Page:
War of the Rebellion: Serial 096 Page 1260 N. AND SE. VA., W. VA., MD., AND PA. Chapter LVIII.

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1,000-could parade within half an hour's notice. The officer charged with attending to removal of tobacco, &c., is out with the orders, which I will send. Inclosed is the only one here at this time.

R. S. EWELL,

Lieutenant-General.

HEADQUARTERS ARMY OF NORTHERN VIRGINIA,

February 25, 1865.

Lieutenant-General EWELL, Commanding Department of Richmond:

GENERAL: The commanding general bids me to send you a copy of the order alluded to in my dispatch of yesterday, with the request that you carry it out in the city of Richmond, as he thinks the emergency specified has arisen. All cotton and tobacco which the owners cannot remove must be destroyed. This, of course, does not include the French tobacco.

I am, general, very respectfully, your obedient servant,

C. S. VENABLE,

Assistant Adjutant-General.

HEADQUARTERS DIVISION,

February 25, 1865.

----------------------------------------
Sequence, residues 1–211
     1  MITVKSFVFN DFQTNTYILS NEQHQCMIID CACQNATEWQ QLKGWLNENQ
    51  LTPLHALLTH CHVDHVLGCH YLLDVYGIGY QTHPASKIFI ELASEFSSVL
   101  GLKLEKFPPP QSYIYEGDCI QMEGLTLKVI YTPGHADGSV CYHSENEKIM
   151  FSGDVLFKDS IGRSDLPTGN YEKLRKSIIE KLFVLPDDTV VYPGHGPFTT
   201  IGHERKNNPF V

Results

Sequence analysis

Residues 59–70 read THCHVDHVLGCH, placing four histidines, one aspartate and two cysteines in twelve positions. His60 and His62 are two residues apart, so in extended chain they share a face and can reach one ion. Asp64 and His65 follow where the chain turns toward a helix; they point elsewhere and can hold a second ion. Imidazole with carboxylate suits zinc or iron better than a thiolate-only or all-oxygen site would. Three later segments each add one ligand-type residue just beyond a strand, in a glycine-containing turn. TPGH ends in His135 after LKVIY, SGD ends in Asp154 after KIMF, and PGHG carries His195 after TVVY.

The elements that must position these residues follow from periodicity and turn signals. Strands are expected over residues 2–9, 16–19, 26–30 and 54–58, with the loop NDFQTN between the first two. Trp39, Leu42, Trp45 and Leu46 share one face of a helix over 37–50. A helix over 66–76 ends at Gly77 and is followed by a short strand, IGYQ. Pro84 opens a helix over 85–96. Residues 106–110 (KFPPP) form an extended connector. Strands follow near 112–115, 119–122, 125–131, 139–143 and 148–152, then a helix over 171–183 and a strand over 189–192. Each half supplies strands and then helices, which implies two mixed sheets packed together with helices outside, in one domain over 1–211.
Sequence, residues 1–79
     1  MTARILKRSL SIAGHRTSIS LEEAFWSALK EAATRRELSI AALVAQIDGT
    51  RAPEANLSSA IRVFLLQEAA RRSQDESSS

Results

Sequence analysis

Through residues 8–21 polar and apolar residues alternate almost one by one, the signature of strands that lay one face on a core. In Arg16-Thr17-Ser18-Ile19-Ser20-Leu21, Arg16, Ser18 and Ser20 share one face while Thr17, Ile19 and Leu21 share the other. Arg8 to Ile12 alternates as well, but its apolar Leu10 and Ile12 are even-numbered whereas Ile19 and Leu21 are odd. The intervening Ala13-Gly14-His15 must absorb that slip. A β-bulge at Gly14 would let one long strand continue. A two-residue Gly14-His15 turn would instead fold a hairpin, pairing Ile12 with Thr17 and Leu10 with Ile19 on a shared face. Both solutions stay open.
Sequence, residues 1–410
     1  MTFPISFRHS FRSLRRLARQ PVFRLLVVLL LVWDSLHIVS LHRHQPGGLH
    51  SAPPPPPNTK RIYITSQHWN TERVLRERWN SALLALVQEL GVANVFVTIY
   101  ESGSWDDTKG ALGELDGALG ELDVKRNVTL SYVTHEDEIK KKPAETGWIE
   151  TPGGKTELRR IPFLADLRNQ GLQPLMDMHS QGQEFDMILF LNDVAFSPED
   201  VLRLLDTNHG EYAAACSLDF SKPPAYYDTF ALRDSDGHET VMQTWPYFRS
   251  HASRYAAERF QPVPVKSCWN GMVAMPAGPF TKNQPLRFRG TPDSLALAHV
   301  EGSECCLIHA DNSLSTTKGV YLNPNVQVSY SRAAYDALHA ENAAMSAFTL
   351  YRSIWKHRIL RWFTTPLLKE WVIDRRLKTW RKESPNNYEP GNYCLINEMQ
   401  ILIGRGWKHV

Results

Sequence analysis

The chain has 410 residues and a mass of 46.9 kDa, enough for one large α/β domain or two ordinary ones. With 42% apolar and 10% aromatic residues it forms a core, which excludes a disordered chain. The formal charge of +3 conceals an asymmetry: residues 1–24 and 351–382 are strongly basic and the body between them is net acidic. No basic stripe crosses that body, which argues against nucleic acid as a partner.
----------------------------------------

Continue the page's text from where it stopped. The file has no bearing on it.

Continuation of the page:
Major R. P. DUNCAN, Assistant Adjutant-General.:

MAJOR: I have nothing to report this morning of unusual interest. One officer of Ransom's brigade killed and 10 men of Gracie's wounded. Sixteen of Elliott's, 5 of Ransom's, among them First Lieutenant Halsey, of Company D, Twenty-fifth North Carolina Regiment, and 3 of Wise's brigade, deserted to the enemy.

Very respectfully, yours,

B. R. JOHNSON,

Major-General.

SUNDAY, February 26, 1865-1 p. m.

[General J. C. BRECKINRIDGE,

Secretary of War:]

GENERAL: I hope to quarter the return prisoners at the Winder Hospital, where is room for some thousands. Major General Custis Lee has been telegraphed at Chaffin's to look after those that may be en route from Varina, and two officers are engaged at this end of the road. Every means will be used to help them. I inclose a copy of General Lee's order in reference to cotton and tobacco. I saw the common council of the city, and explained it to them. No one expects immediate execution of the order who is at all concerned. I have seen to-day a member of the council, who assured me that this was their understanding. I visited the warehouses where the leaf tobacco is stored, and which can be burned without delay when necessary. To destroy the manufactured tobacco, will require preparation and some days to collect it.

Respectfully,

R. S. EWELL,

Lieutenant-General.

P. S. Your letter of yesterday reached me at 12 m. to-day.

R. S. EWELL,

Lieutenant-General.